Objective—To investigate contrast-enhanced ultrasonography as a minimally invasive method for the subjective and quantitative assessment of pancreatic and duodenal perfusion in healthy adult dogs, with reference to perfusion in adjacent liver tissue.
Animals—8 clinically normal adult dogs.
Procedures—Contrast-enhanced ultrasonograms of the right pancreatic limb, proximal portion of the descending duodenum, and adjacent liver were acquired after IV administration of a microbubble contrast medium. Following subjective evaluation, quantitative time-intensity curves were generated from regions of interest in the pancreas, duodenum, and liver. Five contrast medium characteristics representing perfusion parameters were determined for each organ and used for statistical analysis: interval to arrival, inflow rate, peak intensity (PI), time of peak intensity (TPI), and outflow rate.
Results—Significant associations between pancreatic and duodenal values were found for interval to contrast medium arrival, PI, TPI, and outflow rate. Pancreatic and duodenal inflow rates were not correlated. Inflow and outflow rates were significantly faster and TPI significantly shorter for the pancreas and duodenum, compared with values for the liver. There was no significant difference among all 3 organs for interval to arrival and PI of contrast medium. Subjective evaluation findings corresponded to quantitative analysis results.
Conclusions and Clinical Relevance—Results suggested that contrast-enhanced ultrasonography may be a useful, minimally invasive method for evaluating pancreatic and duodenal perfusion in dogs. The data from healthy dogs reported here could aid in the assessment of pancreatic and duodenal conditions and their response to medical treatment.
Objective—To evaluate with CT the efficacy of various combinations of firearms and ammunitions to penetrate and disrupt the brain tissue of cadaveric heads of feedlot steers.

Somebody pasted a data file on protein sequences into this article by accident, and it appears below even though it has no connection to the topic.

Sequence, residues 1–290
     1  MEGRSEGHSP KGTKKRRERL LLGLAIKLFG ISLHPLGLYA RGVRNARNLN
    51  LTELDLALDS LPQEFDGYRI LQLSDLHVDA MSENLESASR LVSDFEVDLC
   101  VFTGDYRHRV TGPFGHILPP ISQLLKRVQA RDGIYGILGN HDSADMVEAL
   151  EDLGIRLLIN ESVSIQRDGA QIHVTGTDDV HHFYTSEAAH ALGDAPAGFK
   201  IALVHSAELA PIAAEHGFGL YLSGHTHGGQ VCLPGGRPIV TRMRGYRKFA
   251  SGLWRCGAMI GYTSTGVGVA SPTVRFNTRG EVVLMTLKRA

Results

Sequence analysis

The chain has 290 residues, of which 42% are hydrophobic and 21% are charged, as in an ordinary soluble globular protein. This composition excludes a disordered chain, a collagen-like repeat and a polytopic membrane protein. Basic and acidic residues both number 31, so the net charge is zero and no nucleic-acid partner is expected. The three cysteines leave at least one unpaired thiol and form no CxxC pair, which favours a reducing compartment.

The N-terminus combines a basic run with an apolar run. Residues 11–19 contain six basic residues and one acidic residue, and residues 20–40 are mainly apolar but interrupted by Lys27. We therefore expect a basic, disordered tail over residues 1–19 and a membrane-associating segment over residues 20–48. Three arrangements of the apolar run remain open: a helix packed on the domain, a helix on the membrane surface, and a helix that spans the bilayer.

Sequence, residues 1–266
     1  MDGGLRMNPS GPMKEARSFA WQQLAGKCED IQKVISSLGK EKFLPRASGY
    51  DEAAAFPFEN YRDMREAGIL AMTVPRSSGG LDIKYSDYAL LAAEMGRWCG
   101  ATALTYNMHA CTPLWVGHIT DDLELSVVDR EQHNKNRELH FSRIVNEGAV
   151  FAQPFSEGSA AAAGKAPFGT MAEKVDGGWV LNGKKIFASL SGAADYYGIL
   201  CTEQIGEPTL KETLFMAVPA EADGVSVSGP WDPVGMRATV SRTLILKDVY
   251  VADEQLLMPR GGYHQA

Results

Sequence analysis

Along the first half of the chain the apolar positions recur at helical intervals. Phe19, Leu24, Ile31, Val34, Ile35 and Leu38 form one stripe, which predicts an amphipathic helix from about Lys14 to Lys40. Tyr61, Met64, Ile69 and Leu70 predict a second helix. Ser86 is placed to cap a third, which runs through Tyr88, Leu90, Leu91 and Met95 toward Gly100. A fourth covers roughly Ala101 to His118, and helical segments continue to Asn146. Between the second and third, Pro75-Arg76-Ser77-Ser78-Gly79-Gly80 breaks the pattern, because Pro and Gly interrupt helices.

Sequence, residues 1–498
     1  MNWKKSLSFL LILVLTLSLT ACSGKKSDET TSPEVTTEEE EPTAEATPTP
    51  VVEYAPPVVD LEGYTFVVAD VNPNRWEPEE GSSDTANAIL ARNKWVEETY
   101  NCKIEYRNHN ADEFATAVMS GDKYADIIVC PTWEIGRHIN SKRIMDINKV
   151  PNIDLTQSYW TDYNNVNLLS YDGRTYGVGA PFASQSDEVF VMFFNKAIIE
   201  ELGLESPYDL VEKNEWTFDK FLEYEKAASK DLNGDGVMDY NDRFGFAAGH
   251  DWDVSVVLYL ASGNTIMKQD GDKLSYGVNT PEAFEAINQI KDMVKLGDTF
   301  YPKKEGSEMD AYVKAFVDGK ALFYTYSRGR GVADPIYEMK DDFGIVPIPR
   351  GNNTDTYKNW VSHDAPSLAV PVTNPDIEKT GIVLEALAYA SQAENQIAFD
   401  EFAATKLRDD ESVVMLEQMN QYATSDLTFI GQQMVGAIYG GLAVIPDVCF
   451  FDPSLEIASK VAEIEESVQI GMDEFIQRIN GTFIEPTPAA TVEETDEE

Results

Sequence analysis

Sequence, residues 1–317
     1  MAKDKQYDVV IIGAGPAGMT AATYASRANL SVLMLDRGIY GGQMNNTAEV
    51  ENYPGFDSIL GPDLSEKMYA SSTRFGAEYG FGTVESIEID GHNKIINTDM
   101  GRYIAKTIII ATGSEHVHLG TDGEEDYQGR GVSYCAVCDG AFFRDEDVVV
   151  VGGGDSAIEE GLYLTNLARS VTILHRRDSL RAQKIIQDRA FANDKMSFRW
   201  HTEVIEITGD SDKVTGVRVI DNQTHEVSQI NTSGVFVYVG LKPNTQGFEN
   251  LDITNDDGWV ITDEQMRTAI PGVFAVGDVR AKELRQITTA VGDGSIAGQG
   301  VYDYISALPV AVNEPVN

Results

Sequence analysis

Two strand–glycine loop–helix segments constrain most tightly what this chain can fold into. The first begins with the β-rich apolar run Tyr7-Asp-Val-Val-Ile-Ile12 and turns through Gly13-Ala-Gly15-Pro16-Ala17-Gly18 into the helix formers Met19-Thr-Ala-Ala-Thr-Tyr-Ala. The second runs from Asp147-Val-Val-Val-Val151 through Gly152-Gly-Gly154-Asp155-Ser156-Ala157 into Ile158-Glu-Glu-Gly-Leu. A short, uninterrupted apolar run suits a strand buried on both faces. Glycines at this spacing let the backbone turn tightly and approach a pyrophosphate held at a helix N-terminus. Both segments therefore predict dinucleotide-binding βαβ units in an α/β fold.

Sample—42 fresh cadaveric heads of 12- to 18-month-old Bos taurus steers.
Procedures—For each of 7 combinations of firearms and ammunitions (.22-caliber rifle firing a long rifle 30-grain plated lead solid- or hollow-point round, .223-caliber carbine firing a 50-grain ballistic-tip round, 9-mm pistol firing a 124-grain total metal jacket round, .45-caliber automatic Colt pistol [ACP] firing a 230-grain full metal jacket round, and 12-gauge shotgun firing a 2.75-inch 1.25-ounce No. 4 birdshot shell or a 1-ounce rifled slug), 6 cadaveric heads were shot at an identical distance (3 m), angle, and anatomic location. Heads were scanned with third-generation CT, and images were evaluated to determine extent of penetration, projectile fragmentation, cranial fracture, and likelihood of instantaneous death (≥ 30% destruction of brain tissue or a brainstem lesion).
Results—41 of 42 skulls were penetrated by the projectile. Instantaneous death was considered a likely consequence for 83% (25/30) of heads shot with a rifle-fired .22-caliber solid-point round, pistol-fired .45-caliber ACP round, carbine-fired .223-caliber round, and shotgun-fired birdshot and slug. Of the 18 heads shot with pistol-fired 9-mm and .45-caliber ACP rounds and rifle-fired .22-caliber hollow-point rounds, only 6 had brainstem lesions.
Conclusions and Clinical Relevance—Results suggested that gunshots delivered by all firearm-ammunition combinations except rifle-fired .22-caliber hollow-point rounds and pistol-fired 9-mm rounds were viable options for euthanasia of feedlot cattle.